Polar bears pace in enclosures at Chimelong Ocean Kingdom in the southern Chinese city of Zhuhai on Feb. 2, 2016. (Simon Denyer/The Washington Post)

The polar bears pace back and forth in their enclosure, heads lolling as they turn, their distress apparent. Chinese tourists crowd around display windows to snap quick close-ups on their phones.

Beluga whales nod in time to loud music, “kiss” children or spit plumes of water toward gasping crowds. A walrus blows a trumpet, seals catch Frisbees and dolphins propel their trainers through the water on their beaks.

Chimelong Ocean Kingdom here is the largest of China’s 39 ocean theme parks, the flagship of a booming industry that is capturing some of the world’s most magnificent and intelligent animals from the wild and keeping many of them in cramped, inadequate conditions.

Attendance has been dropping at some of the roughly 30 such ocean theme parks in the United States in the wake of reports about the welfare of sea mammals in captivity.

But in China, the industry cannot expand rapidly enough to satisfy the nation’s apparent hunger to watch animals perform. Sixteen parks are under construction, and Chimelong’s park in Zhuhai, close to Macao on China’s southern coast, recorded 80,000 visitors in a single day last year.

A new report by the China Cetacean Alliance (CCA), a coalition of international animal­-protection groups, says the parks house 491 cetaceans — a category of marine mammals — including 279 bottlenose dolphins, 114 belugas and nine orcas.

Most of those animals were caught in the waters of Russia, Japan and the Solomon Islands by methods that are “known to cause stress and fear in free­-ranging individuals,” the report said.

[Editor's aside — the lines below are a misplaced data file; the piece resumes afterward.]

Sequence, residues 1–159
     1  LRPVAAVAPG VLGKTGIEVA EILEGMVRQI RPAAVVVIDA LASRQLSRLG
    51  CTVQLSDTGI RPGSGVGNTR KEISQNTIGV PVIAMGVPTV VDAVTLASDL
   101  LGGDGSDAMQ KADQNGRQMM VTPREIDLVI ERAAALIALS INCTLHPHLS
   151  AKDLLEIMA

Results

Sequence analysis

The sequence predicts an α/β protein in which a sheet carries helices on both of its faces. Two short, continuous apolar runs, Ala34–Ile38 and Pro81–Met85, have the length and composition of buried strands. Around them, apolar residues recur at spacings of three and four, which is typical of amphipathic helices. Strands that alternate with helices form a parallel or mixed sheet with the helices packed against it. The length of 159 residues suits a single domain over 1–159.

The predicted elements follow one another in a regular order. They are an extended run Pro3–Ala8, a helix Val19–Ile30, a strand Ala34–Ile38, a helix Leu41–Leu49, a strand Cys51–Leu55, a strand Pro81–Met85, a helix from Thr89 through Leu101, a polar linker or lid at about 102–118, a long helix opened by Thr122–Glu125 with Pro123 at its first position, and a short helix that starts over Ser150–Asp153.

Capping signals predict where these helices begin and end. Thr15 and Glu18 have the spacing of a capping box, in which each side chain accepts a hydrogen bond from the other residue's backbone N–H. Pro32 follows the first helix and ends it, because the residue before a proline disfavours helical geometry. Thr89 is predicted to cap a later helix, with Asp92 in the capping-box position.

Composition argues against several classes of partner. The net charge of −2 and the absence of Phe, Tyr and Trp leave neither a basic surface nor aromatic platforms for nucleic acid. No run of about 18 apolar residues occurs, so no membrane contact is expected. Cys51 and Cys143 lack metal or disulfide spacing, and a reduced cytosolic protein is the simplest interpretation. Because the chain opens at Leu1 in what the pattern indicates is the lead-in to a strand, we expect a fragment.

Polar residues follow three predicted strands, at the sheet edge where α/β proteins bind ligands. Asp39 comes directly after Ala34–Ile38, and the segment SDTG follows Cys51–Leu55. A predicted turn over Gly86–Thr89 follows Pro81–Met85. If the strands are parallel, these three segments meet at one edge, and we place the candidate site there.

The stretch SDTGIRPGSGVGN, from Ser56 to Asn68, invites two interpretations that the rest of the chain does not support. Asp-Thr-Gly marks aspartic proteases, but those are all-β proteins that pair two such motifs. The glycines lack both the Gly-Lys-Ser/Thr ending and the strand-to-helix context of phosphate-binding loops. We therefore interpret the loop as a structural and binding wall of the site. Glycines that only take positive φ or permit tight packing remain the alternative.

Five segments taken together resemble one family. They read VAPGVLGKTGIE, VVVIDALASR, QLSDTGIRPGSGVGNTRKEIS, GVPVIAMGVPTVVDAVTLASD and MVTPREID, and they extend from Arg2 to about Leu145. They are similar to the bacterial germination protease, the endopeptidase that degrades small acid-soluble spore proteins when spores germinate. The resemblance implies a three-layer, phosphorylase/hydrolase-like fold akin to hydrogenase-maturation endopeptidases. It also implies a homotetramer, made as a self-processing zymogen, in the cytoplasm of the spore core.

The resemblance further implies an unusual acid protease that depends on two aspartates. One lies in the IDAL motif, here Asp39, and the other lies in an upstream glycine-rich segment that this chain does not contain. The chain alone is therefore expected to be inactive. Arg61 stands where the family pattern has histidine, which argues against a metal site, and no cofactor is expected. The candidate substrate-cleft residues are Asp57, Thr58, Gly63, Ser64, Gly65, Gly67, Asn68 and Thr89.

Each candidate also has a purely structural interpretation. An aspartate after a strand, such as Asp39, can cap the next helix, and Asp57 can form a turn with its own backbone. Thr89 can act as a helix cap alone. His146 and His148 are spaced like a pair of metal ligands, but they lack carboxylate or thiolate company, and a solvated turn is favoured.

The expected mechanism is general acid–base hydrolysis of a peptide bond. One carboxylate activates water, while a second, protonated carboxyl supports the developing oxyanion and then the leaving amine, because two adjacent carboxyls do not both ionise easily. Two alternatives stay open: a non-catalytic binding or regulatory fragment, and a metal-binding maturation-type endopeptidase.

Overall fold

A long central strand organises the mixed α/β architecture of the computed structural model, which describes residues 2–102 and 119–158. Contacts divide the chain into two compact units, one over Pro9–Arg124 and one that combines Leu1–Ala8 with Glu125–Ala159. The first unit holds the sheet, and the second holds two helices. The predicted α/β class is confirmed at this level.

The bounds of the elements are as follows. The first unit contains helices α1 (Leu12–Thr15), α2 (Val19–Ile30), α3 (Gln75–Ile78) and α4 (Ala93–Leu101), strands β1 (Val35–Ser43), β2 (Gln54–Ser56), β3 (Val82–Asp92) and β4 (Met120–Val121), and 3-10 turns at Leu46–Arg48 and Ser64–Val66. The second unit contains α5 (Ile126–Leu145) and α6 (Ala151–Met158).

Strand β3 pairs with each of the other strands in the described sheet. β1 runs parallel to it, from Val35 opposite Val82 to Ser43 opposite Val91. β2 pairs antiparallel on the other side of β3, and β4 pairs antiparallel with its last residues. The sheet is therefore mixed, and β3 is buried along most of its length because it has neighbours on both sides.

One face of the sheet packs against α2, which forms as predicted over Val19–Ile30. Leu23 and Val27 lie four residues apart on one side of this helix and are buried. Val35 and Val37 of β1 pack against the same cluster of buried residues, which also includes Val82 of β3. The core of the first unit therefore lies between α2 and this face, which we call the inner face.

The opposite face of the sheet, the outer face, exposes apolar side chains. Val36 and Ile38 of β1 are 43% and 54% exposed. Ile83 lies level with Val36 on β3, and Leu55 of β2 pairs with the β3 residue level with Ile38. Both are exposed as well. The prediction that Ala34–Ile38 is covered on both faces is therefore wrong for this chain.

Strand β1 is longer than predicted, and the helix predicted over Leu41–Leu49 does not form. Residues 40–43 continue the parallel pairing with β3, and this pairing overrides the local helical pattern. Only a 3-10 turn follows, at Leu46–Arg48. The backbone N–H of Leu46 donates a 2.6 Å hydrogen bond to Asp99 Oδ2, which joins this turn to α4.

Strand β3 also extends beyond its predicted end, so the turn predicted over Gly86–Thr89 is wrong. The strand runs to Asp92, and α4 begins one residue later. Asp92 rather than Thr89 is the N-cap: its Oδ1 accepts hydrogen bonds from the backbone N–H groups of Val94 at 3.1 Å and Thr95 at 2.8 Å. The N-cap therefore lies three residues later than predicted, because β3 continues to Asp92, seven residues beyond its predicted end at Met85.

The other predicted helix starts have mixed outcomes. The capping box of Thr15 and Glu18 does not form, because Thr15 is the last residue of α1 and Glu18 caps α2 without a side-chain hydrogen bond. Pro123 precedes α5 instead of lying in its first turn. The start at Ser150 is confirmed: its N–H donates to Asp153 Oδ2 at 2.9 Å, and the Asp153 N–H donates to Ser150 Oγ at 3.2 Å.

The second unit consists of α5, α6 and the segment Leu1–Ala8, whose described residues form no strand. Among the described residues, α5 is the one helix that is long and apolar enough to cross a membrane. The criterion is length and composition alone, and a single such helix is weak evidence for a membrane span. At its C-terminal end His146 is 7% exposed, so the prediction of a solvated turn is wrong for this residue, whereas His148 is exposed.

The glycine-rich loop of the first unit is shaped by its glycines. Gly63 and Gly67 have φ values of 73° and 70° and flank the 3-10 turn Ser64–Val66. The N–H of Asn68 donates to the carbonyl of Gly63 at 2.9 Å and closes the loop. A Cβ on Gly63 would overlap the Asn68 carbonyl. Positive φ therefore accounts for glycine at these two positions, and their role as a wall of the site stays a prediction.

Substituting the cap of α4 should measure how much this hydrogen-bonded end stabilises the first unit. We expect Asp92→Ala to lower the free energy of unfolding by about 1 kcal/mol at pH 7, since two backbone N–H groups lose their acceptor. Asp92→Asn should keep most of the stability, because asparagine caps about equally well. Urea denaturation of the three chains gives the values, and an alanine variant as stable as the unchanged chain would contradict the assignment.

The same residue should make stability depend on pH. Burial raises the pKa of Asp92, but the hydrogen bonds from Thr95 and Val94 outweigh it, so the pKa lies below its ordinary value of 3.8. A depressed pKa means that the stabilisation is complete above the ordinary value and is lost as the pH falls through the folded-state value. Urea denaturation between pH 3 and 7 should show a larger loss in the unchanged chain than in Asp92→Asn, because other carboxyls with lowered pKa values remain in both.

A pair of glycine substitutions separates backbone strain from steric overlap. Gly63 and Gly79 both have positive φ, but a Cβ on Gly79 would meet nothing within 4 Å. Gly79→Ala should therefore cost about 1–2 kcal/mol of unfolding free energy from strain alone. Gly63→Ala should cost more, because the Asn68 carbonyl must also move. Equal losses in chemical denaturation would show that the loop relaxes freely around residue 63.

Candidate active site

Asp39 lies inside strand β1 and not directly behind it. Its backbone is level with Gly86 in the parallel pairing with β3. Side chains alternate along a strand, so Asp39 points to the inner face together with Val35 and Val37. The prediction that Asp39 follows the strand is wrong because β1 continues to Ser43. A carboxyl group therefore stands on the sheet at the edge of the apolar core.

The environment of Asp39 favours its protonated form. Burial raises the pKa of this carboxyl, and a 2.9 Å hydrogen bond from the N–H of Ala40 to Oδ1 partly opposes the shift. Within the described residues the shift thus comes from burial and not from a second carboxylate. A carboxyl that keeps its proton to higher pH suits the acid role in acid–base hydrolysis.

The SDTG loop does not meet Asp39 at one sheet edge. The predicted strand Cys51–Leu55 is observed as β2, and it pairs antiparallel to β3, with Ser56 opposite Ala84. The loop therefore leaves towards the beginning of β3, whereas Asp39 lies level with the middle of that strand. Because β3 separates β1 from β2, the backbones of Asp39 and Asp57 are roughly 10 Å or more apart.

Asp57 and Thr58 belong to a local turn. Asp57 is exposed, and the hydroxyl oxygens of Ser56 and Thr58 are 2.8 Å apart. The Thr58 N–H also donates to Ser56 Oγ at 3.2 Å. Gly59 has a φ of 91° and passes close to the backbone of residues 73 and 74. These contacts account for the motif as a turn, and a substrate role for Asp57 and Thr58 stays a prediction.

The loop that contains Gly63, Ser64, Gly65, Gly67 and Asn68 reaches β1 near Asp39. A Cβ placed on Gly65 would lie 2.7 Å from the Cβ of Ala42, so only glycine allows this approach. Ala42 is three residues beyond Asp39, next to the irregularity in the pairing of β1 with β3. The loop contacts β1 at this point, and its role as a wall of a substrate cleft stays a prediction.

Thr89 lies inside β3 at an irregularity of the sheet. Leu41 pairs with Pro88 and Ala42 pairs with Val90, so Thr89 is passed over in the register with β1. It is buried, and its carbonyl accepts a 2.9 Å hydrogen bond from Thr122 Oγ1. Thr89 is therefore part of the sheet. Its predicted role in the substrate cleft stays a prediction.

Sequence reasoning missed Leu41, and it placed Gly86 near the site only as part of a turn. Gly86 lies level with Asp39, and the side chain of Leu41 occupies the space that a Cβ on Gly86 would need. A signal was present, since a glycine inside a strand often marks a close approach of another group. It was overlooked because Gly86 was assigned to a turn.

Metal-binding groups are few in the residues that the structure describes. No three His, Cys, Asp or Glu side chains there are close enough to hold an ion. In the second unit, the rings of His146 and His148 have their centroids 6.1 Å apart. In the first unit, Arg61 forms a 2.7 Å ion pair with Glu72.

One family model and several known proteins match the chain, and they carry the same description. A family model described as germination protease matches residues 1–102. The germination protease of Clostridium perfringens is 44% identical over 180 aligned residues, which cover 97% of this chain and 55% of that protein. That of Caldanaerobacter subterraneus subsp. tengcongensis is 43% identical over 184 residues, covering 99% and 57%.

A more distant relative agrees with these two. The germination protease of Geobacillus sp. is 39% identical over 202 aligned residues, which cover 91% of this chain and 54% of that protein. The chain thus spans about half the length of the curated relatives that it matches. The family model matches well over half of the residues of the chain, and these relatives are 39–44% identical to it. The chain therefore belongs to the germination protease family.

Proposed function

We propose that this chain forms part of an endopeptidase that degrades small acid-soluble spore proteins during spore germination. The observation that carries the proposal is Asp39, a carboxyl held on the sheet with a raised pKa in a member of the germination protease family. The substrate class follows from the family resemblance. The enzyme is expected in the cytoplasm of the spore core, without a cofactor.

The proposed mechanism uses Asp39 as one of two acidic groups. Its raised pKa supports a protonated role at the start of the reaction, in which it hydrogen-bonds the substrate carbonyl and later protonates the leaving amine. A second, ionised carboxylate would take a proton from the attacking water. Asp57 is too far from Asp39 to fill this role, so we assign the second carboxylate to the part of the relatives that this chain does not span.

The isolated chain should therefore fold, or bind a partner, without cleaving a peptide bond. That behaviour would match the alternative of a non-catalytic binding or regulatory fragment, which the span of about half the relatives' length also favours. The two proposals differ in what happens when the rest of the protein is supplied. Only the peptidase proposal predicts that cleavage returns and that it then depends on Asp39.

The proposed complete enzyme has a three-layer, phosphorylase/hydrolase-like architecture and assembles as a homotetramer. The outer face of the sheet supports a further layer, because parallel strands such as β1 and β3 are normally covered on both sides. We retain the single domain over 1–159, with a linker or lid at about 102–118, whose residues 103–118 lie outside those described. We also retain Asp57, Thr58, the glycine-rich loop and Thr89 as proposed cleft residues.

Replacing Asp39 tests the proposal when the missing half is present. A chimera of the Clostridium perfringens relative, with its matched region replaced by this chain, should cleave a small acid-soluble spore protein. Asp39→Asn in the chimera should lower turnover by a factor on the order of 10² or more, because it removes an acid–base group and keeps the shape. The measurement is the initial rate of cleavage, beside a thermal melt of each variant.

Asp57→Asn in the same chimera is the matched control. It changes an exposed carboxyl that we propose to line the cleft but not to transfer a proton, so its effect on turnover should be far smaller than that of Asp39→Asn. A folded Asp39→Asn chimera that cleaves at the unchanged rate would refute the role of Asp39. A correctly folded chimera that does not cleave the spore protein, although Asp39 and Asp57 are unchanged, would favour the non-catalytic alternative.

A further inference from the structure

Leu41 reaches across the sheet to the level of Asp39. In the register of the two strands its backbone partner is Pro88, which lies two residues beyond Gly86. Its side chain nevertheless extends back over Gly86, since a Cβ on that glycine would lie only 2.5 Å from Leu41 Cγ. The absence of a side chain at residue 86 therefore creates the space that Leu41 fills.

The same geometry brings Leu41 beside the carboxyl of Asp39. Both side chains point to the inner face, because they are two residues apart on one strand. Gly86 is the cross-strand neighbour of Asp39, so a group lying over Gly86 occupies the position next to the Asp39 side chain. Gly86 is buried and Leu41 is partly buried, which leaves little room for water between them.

China’s ocean-theme-park industry is accused of catching hundreds of dolphins, belugas and other marine mammals from the wild and keeping them in unsuitable conditions. (Xu Jing/The Washington Post)

“Such captures also disrupt normal social groups,” it said, adding that for some species the disruption is “definitely contributing to population decline.” In captivity, the report said, many animals are probably living in conditions that are “inadequate to meet the complex physical and behavioral needs of cetaceans.”

Belugas, or white whales, are listed as “near threatened” under the Convention on International Trade in Endangered Species of Wild Fauna and Flora (CITES), an international treaty signed in 1973 to protect wildlife against overexploitation. Virtually all of the belugas in China are imported from Russia, where the population is falling, the CCA said, at a reported price of $125,000 to $240,000 each.

Intensely social animals, belugas can swim up to 100 miles a day in the wild and routinely dive 30 to 1,000 feet in arctic and subarctic waters. In captivity, they circle back and forth in shallow, featureless tanks and are taught to perform tricks that conflict with their natural behaviors.

Chinese media reported the first birth of a beluga in captivity here in 2014. The calf died within a month, the CCA said, citing park staff members who said the animal is believed to have died because the tank was too small to allow its mother to nurse it.

Chimelong has 18 belugas and 41 bottlenose dolphins, according to the CCA, and it has three polar bears on public display. Whale sharks swim in a giant aquarium beside the park’s fanciest restaurant, while outside, roller-coaster rides, carousels and parades of ocean-themed floats follow the formula popularized by SeaWorld in Florida, rendered with a dash of Disney and a Chinese twist.

Still, it is the only ocean theme park in China that provides public information about financial support for the conservation of cetaceans in their natural habitat.


Visitors take photographs of beluga whales swimming in Grandview Mall Ocean World in the southern Chinese city of Guangzhou on Feb. 1, 2016. (Simon Denyer/The Washington Post)